Lyme Disease Awareness
May is Lyme Disease Awareness month — a time where activists, patients, doctors, and scientists work together to promote awareness of this disease. According to the Centers for Disease Control (CDC), there are approximately 300,000 people diagnosed with Lyme disease each year.
Unfortunately, the northeast is the epicenter of this epidemic with over 90 percent of confirmed Lyme disease cases being reported from New York, New Jersey, Pennsylvania and Connecticut. The CDC lists our home as a “High Incidence State” with a three-year average of 16.2 cases per 100,000 people. The Cary Institute of Ecosystem Studies estimates that nearly one-third of the nation’s Lyme disease cases occur in our state.
Drs. Rick Ostfeld and Felicia Keesing, scientists with the Cary Institute of Ecosystem Studies in Millbrook, NY, predict that 2017 will be a high risk year for Lyme disease in our region. Their research suggests that there has been an increase in the population of Lyme disease carrying mice in our forests which translates to an increase in infected ticks.
Additionally, the global threat of climate change has also increased the prevalence of Lyme disease, as warming temperatures increases the range and activity of Lyme-carrying ticks.
As the weather begins to warm and North Country families head outdoors, it is important for individuals to be informed of ways to prevent tick bites, and learn the signs and symptoms of Lyme disease so that it is diagnosed and treated as soon as possible.
Preventing Tick Bites
A few preventative techniques can go a long way to protecting yourself from contracting Lyme disease.
1) Avoid tick-infested areas — when hiking through the Adirondacks and other wooded areas, be sure to walk in the center of trails and avoid contact with overgrown brush, grass and leaves. Also consider wearing long pants and sleeves when hiking to minimize the exposure of your skin to ticks.
2) Use insect repellent — treating your skin and clothing with insect repellent will prevent ticks from latching onto you or your clothing.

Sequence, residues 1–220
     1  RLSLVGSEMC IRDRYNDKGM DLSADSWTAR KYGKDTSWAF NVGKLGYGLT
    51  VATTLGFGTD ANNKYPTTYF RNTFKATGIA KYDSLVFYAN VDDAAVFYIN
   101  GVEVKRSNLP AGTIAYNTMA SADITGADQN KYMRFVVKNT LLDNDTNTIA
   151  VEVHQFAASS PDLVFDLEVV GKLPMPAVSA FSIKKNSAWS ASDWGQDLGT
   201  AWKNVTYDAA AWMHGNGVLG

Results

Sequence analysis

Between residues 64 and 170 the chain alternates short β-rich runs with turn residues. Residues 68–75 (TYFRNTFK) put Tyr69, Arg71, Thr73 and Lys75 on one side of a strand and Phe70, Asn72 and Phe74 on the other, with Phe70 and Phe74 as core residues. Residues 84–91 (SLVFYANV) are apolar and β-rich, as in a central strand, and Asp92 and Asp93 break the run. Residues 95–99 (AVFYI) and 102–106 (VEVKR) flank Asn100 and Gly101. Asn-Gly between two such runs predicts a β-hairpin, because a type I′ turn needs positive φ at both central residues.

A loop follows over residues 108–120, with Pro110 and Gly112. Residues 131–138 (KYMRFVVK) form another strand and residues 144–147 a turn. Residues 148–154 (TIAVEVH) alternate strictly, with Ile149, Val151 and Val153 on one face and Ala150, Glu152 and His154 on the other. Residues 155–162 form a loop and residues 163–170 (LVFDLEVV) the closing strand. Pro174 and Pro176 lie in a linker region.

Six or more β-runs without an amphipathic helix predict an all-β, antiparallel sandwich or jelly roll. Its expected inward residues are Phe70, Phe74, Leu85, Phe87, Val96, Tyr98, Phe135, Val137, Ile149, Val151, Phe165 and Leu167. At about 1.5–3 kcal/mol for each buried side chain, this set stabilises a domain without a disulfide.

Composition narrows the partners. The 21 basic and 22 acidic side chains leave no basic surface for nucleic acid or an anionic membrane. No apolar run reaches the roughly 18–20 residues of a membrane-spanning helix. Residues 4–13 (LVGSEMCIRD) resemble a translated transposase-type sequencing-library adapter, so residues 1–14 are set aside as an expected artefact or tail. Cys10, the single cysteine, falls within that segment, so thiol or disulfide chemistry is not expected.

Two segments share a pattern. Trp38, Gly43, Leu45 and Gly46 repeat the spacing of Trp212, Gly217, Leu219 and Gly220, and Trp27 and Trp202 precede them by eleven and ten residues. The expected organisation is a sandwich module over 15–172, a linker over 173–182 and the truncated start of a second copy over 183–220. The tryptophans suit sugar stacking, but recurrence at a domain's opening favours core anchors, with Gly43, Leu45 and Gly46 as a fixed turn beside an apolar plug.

3) Perform tick checks after being outdoors — after mowing your lawn or taking a hike, you should always check for ticks immediately after being outdoors. Check behind your ears, around your waist, under your arms and all other hard to reach areas that ticks may sneak into. Thoroughly wash and dry your clothing using hot water and high heat to kill any ticks that might be clinging onto your clothes.
If you see a tick on your body, be sure to remove it immediately. Use tweezers to pull the tick’s body away from your skin being careful not to crush the tick’s body.
Signs and Symptoms of Lyme Disease
If you have been bitten by a tick, be on the lookout for some of these signs and symptoms. If you develop any of these, contact your health care provider as soon as possible.
One of the most common symptoms of Lyme disease is the characteristic “bull’s-eye” rash called, “erythema migrans.” This rash can appear 3–14 days after an infected tick bite and comes in a variety of shapes and sizes.
Other symptoms of Lyme disease infections include:
- chills and fever
- muscle and joint pain
- swollen lymph nodes
As soon as you notice any of the signs and symptoms associated with Lyme disease, contact your doctor as soon as possible. After diagnosing you with Lyme disease, your doctor may prescribe you with antibiotics or other drugs to help you recover. If left untreated, you may develop arthritis, joint or muscle pain, headaches and stiffness, dizziness or possibly even short term memory loss.
As the prevalence of Lyme disease increases across our region, it is important that our nation’s medical professionals understand the implications of Lyme disease and how to best treat patients afflicted with it.
In Congress, I have worked with my colleagues to pass the 21st Century Cures Act. This groundbreaking medical research legislation included language I coauthored to help individuals with Lyme disease. This law establishes an Interagency Lyme and Tick-Borne Disease Working Group within the Department of Health and Human Services. This working group will help guide Lyme disease treatment and research and it will bring together medical professionals, researchers, and Lyme disease patients to work on medical breakthroughs.
I also hosted a Lyme disease community forum at SUNY Adirondack where we heard from families, activists, government officials and doctors. This was a tremendous opportunity for the community to learn more from experts about the dangers Lyme disease poses and how to best combat and control the spread of Lyme.
I will continue to work in Congress to support Lyme disease research and education through funding for the National Institutes of Health and the CDC. The more we know about Lyme, the more we can do to treat patients and educate families to stop the spread of this debilitating disease.